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In Denver, A Grand Coffee Bazaar ‘Twas, Indeed

denver craft coffee bazaar.

Photo © 2014 Penamora Photo LLC

story by Drew Knott. Photos by Penamora Photo.

It is not by happenstance that Denver is one of America’s great craft coffee communities. There’s an abundance of well-established top-level coffee talent and an eager upstarts. But the big thing is that the community is organized, through a number of regularly appearing and pop-up events, and through the Rocky Mountain Craft Coffee Alliance.

A large representation of Denver’s craft coffee community could be found in one place last weekend at Denver’s inaugural Grand Coffee Bazaar, described by organizer Imbibe Denver as a “curated coffee event and festival” that brought together some of the area’s best roasters in the parking lot of the aptly named Our Mutual Friend Brewery.

(related: Commonwealth Coffee Roasters in Denver: So Much More Than Just A Pretty Bag)

The $30 event ticket gave consumers a coffee cup with a map of all the roasters participating and associated retail shops in the city, unlimited coffee samples, two drink tickets good for a specialty espresso drink or a beer from the brewery and a ticket to one of the food trucks on site.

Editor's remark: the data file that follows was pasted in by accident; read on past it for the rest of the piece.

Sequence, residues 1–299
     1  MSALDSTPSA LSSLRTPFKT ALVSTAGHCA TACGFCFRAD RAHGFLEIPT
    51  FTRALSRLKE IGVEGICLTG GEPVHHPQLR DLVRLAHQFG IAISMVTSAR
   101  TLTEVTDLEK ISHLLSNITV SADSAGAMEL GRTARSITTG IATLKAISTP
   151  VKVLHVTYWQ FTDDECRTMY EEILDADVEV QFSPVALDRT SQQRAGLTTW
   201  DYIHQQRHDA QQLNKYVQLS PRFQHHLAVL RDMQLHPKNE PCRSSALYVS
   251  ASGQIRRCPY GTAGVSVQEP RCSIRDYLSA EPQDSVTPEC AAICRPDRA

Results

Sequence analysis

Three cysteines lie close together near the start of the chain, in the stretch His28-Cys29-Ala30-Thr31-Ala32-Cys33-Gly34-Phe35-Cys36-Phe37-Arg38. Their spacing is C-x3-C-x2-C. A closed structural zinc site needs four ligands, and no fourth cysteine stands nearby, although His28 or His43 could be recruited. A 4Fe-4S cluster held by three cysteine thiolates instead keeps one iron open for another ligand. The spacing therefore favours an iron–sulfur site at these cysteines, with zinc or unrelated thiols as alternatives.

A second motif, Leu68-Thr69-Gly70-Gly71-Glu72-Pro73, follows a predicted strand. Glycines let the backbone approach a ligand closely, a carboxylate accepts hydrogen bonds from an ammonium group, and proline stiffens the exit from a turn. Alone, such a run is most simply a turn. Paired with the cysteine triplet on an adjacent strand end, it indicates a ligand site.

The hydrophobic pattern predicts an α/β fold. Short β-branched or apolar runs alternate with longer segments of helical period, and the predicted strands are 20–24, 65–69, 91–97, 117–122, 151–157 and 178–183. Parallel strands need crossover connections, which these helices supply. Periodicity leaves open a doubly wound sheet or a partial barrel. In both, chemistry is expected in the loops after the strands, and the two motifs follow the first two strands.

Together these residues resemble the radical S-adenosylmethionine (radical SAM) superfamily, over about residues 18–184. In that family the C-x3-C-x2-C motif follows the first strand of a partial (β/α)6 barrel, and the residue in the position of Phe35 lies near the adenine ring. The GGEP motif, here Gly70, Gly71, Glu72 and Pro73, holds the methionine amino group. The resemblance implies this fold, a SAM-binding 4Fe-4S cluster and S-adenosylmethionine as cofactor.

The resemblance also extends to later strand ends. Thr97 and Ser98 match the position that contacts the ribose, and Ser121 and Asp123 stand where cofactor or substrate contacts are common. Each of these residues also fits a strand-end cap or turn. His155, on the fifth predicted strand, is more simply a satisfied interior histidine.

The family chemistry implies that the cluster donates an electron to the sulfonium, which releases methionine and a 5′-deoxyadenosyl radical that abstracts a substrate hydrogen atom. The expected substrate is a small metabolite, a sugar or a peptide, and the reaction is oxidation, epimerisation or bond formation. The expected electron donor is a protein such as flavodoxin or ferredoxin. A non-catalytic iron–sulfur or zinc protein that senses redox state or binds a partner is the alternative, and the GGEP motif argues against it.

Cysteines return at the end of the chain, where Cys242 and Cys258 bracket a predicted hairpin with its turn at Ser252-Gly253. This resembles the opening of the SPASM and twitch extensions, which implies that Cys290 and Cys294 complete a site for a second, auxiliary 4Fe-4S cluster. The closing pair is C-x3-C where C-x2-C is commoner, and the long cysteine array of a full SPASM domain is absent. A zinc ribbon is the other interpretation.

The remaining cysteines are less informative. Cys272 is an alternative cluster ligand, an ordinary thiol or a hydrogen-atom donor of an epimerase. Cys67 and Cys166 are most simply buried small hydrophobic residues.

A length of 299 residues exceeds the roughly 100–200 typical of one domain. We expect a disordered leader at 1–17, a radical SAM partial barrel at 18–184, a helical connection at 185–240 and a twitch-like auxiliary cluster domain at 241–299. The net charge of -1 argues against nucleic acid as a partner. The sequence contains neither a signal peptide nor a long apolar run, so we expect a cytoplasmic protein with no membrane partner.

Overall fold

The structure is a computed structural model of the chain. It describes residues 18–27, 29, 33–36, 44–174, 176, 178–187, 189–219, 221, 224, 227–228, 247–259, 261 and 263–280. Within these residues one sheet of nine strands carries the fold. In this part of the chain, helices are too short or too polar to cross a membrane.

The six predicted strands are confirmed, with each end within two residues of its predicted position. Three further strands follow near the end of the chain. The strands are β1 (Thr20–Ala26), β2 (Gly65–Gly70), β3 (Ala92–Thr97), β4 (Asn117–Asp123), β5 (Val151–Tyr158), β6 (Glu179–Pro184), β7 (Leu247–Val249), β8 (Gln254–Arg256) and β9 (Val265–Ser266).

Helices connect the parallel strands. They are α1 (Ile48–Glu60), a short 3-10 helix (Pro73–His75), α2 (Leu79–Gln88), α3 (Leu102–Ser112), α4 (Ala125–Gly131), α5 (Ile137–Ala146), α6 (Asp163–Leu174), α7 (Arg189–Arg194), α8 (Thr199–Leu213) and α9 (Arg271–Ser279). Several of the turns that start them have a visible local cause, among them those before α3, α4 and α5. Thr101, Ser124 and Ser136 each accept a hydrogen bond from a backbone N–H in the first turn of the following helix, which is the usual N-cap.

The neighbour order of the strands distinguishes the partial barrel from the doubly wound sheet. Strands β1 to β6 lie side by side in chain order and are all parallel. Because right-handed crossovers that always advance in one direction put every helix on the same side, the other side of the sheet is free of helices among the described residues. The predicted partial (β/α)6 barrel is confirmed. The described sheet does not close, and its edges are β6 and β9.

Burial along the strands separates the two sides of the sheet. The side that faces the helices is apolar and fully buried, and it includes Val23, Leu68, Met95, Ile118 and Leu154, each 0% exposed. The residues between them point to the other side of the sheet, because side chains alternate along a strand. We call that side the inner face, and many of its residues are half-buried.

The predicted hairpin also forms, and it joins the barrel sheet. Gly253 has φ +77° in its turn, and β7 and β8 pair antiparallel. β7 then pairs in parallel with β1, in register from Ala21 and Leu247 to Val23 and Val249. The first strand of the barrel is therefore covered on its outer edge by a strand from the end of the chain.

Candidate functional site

An effective twist in consumer-focused coffee events, the bazaar consisted of five experiential learning stations: History and Origin; Processing; Regions; Roasting; and Brewing. Each one of these stations was manned by at least three roasters, there to share the stories of their coffees and provide comparative tastings to one another. In other words, each roaster wasn’t just pushing its own coffee; instead, their coffees were used to tell single chapters in a larger coffee story.

(related: Inside Denver’s Newest Craft Coffee Bar, The Study at Hotel Teatro)

Photo © 2014 Penamora Photo LLC

Photo © 2014 Penamora Photo LLC

For instance, the Roasting Station featured Flying Baron Roasters, Boxcar Coffee Roasters and Marley Coffee. Each put forth coffees of a similar origin and with similar unroasted characteristics, brewed with the same pourover method. But each was highlighting a different roast level. In simplest terms, Flying Baron featured a light roast, Boxcar a medium and Marley coffee a dark.

This kind of roaster-by-roaster, station-by-station mentality results in a unified environment. Said Ryan Petterson of Stapleton Roasters, “This is about growing the Denver coffee scene.”


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